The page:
What are your favorite “average” schools?

I agree. None of the schools where my three kids went/are going to are ever discussed here. With my older two, I wasn’t really using CC much yet but since then have gained a lot of insight here WRT college generally speaking. S21, who is off to college this fall, is not the type of student usually discussed on CC so the schools he was targeting are rarely mentioned on CC. Dayton was one of his top two choices in the end but even the Dayton board here is not very active. Fortunately having been twice thru the college search process, I had experience and was able to use other resources than CC.

I would love to see more discussion about these hidden gems/underrated schools, especially since in many cases, they offer great merit along with a solid education.

One of the “hidden gems” we really liked was Hobart & William Smith. My older son was recruited for a sport there but in the end, decided for him, it was too small. However, I was very impressed with the school and think had he gone there, he would have had a very good education.

I think Jesuit schools are often overlooked b/c they are Catholic. However, I think they are great options even for non-Catholics. Many are in great locations, and WTE of a few, can be pretty generous with merit aid, even for the “average” student. S21 will be attending one (Xavier in Cincinnati) for the same price as our flagship public, UMD.

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Being from MA there aren’t too many unknown schools (average or not). UMass Lowell is excellent for engineering but doesn’t get a lot of love on these boards.

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My daughter loves Mills in Oakland, which is unfortunately closing, as well as Goucher College in MD. It’s a tiny school with such a welcoming and friendly vibe.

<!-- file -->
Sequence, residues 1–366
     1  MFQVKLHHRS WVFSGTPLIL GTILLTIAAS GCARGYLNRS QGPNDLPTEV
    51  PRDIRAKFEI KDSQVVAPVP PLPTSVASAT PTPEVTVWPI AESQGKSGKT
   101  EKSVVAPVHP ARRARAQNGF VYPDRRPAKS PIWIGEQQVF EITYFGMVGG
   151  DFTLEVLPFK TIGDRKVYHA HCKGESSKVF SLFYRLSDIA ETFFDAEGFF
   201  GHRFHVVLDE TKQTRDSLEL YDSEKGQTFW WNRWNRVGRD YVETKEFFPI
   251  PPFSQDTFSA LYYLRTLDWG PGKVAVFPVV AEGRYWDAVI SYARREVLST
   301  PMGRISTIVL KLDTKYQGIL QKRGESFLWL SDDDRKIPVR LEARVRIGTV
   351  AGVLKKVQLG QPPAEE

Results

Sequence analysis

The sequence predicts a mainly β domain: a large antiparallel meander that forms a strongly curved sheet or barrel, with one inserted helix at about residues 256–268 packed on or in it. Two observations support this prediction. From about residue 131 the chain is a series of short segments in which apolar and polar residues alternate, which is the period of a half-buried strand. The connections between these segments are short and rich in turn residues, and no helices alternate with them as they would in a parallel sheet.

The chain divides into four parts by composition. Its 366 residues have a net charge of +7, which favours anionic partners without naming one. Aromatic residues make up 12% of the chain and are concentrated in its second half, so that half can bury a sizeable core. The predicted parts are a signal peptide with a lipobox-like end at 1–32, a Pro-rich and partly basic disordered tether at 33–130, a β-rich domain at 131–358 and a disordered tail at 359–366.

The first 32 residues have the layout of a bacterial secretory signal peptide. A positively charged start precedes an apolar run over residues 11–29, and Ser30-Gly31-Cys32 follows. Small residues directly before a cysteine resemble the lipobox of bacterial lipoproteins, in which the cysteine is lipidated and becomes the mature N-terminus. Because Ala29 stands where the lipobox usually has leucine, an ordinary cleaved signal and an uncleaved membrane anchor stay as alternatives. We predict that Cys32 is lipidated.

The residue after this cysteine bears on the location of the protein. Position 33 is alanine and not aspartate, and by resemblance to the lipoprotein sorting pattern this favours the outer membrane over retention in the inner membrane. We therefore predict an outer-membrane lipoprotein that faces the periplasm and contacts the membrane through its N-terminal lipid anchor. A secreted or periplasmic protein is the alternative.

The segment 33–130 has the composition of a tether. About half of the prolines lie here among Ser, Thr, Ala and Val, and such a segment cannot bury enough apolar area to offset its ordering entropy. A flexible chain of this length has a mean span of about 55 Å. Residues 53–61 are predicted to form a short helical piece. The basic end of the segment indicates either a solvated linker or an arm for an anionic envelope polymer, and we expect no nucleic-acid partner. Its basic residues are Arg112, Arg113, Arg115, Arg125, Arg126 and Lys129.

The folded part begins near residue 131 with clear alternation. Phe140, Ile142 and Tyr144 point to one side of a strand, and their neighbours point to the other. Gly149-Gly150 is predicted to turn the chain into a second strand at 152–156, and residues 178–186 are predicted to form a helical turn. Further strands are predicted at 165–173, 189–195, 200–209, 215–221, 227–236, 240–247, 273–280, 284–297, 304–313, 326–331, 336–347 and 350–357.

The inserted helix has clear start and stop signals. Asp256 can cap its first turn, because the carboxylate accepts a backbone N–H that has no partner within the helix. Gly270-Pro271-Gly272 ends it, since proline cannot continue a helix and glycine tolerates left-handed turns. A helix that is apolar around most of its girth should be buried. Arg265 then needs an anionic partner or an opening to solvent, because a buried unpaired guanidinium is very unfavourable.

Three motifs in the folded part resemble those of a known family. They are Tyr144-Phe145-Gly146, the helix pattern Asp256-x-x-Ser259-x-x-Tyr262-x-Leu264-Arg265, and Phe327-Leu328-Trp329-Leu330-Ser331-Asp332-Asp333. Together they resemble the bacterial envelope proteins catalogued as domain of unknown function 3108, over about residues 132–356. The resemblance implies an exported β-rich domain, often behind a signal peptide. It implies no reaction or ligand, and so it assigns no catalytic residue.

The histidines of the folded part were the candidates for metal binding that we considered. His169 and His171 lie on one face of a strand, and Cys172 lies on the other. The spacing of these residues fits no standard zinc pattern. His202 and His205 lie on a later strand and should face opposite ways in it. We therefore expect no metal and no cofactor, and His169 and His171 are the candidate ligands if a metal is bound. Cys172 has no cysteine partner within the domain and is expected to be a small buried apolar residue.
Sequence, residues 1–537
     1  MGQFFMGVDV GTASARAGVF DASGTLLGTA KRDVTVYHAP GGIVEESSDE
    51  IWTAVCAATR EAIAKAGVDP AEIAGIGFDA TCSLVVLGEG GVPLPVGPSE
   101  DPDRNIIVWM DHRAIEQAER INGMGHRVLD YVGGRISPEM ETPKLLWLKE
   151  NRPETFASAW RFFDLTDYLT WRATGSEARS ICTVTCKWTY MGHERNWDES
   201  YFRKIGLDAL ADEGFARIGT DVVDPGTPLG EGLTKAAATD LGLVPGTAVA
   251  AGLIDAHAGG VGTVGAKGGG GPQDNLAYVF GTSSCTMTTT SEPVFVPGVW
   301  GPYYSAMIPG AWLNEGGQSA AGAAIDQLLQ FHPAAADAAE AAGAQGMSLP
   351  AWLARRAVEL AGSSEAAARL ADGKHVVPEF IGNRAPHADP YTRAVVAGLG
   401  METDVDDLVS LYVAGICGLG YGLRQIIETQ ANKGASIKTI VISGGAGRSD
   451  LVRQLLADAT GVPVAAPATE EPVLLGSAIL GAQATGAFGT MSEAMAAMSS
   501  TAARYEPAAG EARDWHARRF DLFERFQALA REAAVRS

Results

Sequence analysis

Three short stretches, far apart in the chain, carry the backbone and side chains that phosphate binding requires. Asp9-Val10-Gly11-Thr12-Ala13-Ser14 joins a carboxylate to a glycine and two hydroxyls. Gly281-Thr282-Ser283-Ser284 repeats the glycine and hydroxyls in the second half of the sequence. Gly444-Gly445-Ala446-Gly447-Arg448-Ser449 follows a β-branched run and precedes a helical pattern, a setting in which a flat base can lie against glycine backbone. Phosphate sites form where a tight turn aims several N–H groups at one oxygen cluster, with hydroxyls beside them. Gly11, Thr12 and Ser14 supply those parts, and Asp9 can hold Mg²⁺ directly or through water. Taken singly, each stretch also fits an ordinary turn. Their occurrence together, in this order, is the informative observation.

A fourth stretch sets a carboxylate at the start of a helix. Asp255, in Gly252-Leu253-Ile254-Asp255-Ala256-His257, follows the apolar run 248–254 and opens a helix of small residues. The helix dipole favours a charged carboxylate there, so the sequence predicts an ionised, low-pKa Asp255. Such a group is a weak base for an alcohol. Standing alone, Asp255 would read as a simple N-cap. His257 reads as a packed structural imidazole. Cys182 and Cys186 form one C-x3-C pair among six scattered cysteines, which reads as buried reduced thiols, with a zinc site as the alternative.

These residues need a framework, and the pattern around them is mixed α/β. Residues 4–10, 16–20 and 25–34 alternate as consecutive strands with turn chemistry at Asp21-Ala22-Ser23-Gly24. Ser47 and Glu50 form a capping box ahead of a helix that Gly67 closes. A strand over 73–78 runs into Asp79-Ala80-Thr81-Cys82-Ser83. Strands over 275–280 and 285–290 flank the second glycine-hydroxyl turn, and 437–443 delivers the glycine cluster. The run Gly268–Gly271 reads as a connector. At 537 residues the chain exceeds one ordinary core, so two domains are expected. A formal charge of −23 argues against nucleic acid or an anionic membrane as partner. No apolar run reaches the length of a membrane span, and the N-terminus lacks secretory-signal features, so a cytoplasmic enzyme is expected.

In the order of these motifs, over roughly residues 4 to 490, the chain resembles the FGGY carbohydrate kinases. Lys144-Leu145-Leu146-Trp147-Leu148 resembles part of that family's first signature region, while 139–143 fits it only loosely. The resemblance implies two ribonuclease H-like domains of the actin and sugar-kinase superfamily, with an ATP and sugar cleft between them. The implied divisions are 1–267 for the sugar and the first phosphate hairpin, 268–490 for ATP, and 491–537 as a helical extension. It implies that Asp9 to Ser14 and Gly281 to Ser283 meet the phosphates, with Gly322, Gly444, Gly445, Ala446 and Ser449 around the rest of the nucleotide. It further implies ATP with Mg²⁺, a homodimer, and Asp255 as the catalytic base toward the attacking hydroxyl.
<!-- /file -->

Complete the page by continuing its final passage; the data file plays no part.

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I’m from the Midwest and barely know any colleges in Mass.

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Until I started using CC, I’m not sure I even knew MA had a city named Lowell - well, I think Spenser solved a case in Lowell, so maybe I read about it there.

Reminds me of all the times I’ve typed/seen UNCC here and non-NCers sometimes assume the reference is Chapel Hill (UNC-CH) and not Charlotte (UNC Charlotte).

UM-Lowell is probably unknown to everyone in NC who hasn’t met someone who attended there. Personally, while I have heard about it now, without referring to a list I couldn’t tell you what it was known for until you helped us out.

In fact, looking at best-MA-Colleges list on N*che, once we get past the top 10, I’d say most are unknown to the majority of people below Deleware. Before starting the search for S20, I’d never heard of Babson, WPI, MHC, Wheaton, etc and can only assume I’d heard of Holy Cross. And I was someone who had been to Boston several times, starting as a teenager when I took classes at MIT as a teen to a few business trips to Boston in my 20s. What many of us assume are well-known items in one state are completely unknown to people in other states.

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Fair enough! I suppose I just assume everyone knows the biggies - Harvard, MIT, Wellesley, Amherst, Smith, Williams etc. There are a lot of schools in MA, many of them of really good quality, but I’m being parochial when I assume everyone knows of them. In addition to UMass Lowell, some of the lesser known schools in MA might include Wheaton, Clark, Emmanuel, Lesley (strong for teaching), Suffolk University. I’m embarrassed to admit I don’t know much about our state schools outside Lowell and Amherst (the two strongest) although there are several other campuses. The number of private schools in the state surpasses public ones by a pretty wide margin.